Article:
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How the Holy Mackerel Beats the Sacred Cod

So in Boston, one should always to be on the lookout for the choicest seafood.

And we found it in the most unusual place.

Cod, haddock, hake, scrod [had it once with soup d’jour, both were great], you can find those almost anywhere — except the ubiquitous Dunkin Donuts.

In truth, I thought nothing could beat the “Sacred Cod” in Boston.

I don’t mean the white fish that used to be the cause of wars in the North Atlantic. That is for the stomach.  Lillian and I were looking out for the soul [note sole].

I mean the large carved descendant that was marched in the late 18th century from the Old State House by platoons of now Federalist legislators who also were  bearing Governor Bradford’s papers on the Pilgrims to their new anti-Republican digs in Gov. John “The Smuggler with Good Handwriting” Hancock’s old garden.

Yep, the members of the General Court might have cut through the Commons shooing the cows, sheep, goats and whatever else was grazing out of the way  or possibly used the at-the-time convenient but steeper gravel path to reach the summit of Beacon Hill.  But no matter how they got there, as they gazed heavenward, before them was financially-ruined Charles Bulfinch’s creation.  The building stood there — sans the gold gild of a later day or  even the copper shielding that the rock star of midnight riders Paul Revere would add to keep the wooden dome from weathering — in New England simple style with all its hold the line on spending. [There were more than a few hints here and there inside and out of Old England’s Christopher Wren] but still a breath to behold.

Those French-loving phony slaveholding aristocrats screaming the rights of man in Virginia had nothing on these fine fellows as they entered their beautiful red brick building.  Any person with sense could see how superior this structure was to that Thomas Jefferson-sketched Roman imitation temple on a river bluff. [In Boston, they probably closed their eyes to pass through Doric Hall with its faux Greek columns.]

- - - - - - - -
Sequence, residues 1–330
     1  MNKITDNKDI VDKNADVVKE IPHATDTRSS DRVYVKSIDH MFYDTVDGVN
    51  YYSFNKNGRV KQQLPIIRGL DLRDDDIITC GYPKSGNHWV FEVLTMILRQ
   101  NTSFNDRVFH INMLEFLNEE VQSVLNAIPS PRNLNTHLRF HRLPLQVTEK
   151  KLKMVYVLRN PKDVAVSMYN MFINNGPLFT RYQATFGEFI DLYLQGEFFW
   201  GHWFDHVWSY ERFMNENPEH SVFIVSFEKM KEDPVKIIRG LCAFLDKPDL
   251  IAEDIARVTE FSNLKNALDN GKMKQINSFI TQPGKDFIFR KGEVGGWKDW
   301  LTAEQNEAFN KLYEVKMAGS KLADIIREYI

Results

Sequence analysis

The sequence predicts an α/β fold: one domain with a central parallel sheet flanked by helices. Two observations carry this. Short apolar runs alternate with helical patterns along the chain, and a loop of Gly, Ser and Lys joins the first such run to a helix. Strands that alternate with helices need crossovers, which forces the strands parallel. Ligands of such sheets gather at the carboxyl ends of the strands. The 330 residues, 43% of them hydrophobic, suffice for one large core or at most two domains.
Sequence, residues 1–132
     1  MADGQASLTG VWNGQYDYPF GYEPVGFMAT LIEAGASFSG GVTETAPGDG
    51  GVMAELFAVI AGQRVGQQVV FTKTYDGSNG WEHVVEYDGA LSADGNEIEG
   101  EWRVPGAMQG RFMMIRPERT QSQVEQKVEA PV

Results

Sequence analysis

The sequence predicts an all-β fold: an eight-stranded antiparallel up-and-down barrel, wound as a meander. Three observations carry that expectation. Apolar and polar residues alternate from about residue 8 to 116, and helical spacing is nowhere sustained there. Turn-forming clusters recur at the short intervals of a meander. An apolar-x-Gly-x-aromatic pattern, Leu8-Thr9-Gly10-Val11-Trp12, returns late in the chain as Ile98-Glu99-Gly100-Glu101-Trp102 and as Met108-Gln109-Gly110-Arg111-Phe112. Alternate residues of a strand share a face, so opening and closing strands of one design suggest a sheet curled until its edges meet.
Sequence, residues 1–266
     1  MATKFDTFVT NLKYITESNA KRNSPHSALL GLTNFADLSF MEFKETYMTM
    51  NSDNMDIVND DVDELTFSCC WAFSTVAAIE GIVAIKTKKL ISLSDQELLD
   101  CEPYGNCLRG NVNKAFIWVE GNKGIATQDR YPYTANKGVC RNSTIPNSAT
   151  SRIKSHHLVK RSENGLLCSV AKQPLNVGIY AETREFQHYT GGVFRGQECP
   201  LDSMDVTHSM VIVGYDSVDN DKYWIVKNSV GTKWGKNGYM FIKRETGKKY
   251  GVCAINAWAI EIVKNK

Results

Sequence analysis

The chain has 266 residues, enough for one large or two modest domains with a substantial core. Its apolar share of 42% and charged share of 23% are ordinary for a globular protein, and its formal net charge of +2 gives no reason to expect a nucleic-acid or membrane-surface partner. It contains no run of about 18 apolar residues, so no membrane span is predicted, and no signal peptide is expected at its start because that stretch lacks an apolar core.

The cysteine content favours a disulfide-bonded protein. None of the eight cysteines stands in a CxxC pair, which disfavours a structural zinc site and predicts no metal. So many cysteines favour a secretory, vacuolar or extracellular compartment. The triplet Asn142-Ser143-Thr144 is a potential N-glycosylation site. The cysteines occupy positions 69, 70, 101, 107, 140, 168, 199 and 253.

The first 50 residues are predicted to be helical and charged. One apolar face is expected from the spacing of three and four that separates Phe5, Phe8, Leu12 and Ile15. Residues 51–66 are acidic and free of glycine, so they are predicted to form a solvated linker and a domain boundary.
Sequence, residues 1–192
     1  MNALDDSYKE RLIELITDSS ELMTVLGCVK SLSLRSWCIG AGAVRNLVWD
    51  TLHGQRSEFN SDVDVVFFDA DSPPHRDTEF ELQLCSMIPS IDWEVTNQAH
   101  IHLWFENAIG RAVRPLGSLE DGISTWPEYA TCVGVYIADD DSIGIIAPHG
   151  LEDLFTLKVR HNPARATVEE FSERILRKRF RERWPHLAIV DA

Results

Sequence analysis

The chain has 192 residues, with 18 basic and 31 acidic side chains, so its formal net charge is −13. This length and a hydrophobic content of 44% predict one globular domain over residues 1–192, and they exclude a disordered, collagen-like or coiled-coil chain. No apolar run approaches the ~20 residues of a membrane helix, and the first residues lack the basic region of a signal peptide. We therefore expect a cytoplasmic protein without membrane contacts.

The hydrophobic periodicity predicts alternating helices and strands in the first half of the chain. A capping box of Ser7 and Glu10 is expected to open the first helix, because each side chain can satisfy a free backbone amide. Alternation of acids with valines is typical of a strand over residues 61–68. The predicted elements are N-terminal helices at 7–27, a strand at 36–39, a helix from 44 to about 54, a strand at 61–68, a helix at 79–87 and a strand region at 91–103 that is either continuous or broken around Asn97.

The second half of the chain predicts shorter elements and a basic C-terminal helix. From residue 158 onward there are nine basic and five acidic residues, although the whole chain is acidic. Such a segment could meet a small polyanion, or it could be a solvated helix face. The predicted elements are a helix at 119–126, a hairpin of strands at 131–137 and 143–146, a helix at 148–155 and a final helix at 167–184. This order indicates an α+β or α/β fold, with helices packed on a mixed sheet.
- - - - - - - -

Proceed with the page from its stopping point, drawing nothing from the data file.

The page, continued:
As the members of the General Court on that day and Increase Sumner as their governor readied themselves for the Commonwealth’s business, the just under 5-foot, God Save that Sacred Cod carving was hanging in the rear of the lower chamber.  [These days it is in plain view of the Speaker in a public gallery.]

But Lillian and I [actually more me] were on the lookout for a more elusive seafood this spring day, a species that we had been alerted to by potential guides at the information desk waiting for busloads or school kids or seniors to lead through the State House.

“The Holy Mackerel.”

In the ocean, there are a number of species in the family mackerel; but in the Massachusetts State House, there is but one — not species, but one representation placed in the ascendancy of the Senate chambers.  It appears to be spiked.

Yes, above the chandelier in the center of the chamber and from a ground floor view, the brass-cast “Holy Mackerel” bests the “Sacred Cod.”

The quest for the rarest of seafood choices had ended.

In a few minutes, we were walking down Beacon toward Trinity Chapel and the Parker House, the home of “Scrod,” which very easily could mean “special catch run of the day” or the first white fish on the top of the day’s catch.

Time to get ready for dinner.



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